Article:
My parents are separated and in the process of getting a divorce, and my husband and I feel as if we are stuck between a rock and a hard place. I am naturally more attached to my mother, and as a result my father claims that I take her side in their conflicts. On the other hand, when I invite my father for Sabbath, my mother gets angry at me. We are in a constant dilemma regarding what we are permitted to do and what we are not. Should we speak with both of them in an attempt to make peace between them? In this manner, all of the problems would be solved.
So long as a married couple is not separated by bill of divorce, any attempt to convince them to return to one another, by clarifying and rectifying matters, is a mitzvah. Sometimes, however, a relationship reaches a state in which any comment or attempt to retrieve domestic peace has a boomerang effect. As their children, you must certainly desire and attempt to make peace between them, yet before all else you must gage whether or not there is any chance they will listen to you. If there does not appear to be any chance of mending things, do not bring the matter up. Instead, focus on improving the situation within the framework of the existing conditions.
Regarding the disputes between your parents, the proper path to take is to avoid any involvement whatsoever. Even if it sometimes appears as if you can be of help, this is an optical illusion. Family members, in the vast majority of cases, only worsen the predicament when they intervene. Therefore, be wise and keep yourselves out of any arguments between them.
The only thing that you can do, and it would be a good idea for you to do so, is to direct your parents to counseling. If there are still any chances of mending matters, they must be directed to marital counseling. If not, the purpose of directing them to counseling is to help them settle their dispute and thus achieve a complete separation easily and quickly, in as much as this is possible, without any lingering hard feelings.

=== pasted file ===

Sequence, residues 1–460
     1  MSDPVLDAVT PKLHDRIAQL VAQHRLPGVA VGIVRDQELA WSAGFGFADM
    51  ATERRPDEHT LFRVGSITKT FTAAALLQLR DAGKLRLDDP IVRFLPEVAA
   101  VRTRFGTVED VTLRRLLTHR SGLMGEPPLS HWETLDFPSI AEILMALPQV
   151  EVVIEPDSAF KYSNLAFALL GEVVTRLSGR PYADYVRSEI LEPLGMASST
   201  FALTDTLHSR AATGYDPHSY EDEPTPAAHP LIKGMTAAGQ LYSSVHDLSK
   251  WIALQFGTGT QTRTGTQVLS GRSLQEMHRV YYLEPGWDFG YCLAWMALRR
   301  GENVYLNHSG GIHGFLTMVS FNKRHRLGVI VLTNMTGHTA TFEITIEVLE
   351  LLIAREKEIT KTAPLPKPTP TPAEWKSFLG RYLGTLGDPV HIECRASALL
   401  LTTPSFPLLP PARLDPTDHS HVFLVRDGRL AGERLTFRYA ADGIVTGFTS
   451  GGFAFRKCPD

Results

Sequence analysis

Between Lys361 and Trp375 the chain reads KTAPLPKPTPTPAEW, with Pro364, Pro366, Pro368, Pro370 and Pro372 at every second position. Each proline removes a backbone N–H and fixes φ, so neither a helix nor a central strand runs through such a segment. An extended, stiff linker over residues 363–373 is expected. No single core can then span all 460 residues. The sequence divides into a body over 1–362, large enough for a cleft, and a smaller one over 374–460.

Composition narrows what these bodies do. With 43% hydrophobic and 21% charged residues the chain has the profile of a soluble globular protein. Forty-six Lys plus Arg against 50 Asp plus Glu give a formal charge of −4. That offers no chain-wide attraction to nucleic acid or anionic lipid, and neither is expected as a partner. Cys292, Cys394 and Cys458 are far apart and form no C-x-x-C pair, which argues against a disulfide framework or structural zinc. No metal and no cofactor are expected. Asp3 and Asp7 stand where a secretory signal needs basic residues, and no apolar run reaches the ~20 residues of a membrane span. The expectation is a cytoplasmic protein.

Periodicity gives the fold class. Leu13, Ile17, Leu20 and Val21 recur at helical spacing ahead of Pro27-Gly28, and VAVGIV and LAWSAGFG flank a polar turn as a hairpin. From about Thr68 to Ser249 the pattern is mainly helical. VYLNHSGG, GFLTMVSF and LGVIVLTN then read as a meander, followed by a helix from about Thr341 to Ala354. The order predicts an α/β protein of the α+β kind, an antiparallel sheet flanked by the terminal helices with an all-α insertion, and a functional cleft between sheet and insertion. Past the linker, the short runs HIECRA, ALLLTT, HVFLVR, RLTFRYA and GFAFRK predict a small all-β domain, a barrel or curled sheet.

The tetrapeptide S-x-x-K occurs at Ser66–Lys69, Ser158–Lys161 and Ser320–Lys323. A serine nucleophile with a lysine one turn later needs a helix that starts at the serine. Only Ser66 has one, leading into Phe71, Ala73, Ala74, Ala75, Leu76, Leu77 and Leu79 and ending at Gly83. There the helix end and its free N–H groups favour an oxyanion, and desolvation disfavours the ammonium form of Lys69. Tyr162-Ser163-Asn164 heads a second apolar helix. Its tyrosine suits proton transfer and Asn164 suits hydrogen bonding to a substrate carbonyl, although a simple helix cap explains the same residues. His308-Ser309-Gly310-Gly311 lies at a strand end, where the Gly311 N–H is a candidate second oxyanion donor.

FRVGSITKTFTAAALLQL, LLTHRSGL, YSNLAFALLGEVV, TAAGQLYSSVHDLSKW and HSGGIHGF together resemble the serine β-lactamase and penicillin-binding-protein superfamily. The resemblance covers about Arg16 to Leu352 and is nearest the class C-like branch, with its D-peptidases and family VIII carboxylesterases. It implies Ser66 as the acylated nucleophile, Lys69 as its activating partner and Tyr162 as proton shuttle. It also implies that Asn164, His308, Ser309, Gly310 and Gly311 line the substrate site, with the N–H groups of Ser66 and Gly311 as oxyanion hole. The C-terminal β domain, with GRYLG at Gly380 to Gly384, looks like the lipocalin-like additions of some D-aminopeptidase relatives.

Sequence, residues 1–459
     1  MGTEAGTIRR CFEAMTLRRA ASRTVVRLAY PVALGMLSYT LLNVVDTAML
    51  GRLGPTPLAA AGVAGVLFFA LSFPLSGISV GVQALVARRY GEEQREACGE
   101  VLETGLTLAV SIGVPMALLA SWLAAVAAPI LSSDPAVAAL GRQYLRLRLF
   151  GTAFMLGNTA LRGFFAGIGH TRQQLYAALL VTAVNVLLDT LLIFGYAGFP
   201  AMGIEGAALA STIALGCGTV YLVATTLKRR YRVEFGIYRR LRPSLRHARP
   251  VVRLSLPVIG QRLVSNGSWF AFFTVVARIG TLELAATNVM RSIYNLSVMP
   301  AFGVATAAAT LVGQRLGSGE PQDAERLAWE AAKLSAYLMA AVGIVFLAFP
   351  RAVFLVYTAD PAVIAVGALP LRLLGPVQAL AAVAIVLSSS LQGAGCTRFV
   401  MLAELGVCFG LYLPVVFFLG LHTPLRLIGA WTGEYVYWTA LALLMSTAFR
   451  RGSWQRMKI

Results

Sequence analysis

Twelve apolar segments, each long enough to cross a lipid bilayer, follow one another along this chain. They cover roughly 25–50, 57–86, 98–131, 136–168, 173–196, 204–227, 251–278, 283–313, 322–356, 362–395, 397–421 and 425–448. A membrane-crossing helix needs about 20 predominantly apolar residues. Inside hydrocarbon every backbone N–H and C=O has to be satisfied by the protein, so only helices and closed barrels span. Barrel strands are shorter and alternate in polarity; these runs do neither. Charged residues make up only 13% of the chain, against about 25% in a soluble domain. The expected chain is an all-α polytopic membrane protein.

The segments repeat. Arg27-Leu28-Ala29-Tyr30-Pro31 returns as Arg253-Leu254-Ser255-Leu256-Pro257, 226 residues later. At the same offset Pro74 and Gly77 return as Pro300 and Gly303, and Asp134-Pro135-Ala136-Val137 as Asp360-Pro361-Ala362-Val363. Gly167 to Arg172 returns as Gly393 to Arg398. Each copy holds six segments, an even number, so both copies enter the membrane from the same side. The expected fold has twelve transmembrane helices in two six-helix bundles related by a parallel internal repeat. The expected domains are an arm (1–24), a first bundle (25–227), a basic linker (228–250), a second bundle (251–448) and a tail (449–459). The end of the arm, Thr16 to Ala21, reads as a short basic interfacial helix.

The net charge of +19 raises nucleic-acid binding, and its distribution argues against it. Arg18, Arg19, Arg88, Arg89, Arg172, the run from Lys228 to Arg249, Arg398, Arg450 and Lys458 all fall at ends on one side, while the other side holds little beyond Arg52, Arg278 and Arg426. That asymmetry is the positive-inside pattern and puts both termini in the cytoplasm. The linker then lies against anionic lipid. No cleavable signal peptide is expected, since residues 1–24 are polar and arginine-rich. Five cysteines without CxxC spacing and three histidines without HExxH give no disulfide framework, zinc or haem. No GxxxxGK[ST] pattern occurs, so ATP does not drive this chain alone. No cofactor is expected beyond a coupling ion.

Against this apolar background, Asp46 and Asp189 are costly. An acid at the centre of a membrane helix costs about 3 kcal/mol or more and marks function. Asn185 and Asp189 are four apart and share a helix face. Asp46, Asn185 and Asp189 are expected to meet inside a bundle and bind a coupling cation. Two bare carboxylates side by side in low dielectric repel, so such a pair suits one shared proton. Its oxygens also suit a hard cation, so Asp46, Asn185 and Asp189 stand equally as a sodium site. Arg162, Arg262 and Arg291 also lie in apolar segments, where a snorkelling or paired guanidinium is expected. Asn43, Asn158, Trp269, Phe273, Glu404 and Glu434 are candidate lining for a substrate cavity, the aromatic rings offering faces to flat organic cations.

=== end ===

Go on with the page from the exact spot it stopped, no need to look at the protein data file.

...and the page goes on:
Regarding the desired conduct in the face of accusations from both sides: As a family, you must make your decisions independently. This, of course, must be done with as much consideration for your parents as possible. Do not, however, allow yourselves to reach a state in which your parents are setting your agenda, each one deciding whether or not you may visit or host the other.
You have a proper relationship with both your father and mother, each one in his or her independent circle. If your father has complaints, be wise and avoid addressing them directly. Instead, address the relationship in general. Do not tell him that it is not true that you give preference to your mother, ect., rather, tell him, "Dad, you know that we love and respect you, and we desire only the best for you. We will never stop helping you with whatever we can." You must, of course, address your mother's accusations in the same manner.
At the same time, continue to host and be hosted as best suits you, and in accordance with your own needs and good judgment, even if you end up spending more time with one parent than the other. There is no obligation to maintain a precise balance, and the circumstances call for different types of relationships with mother and father. "He who makes peace on high, He will bring peace upon us, and upon all of Israel, and say Amen."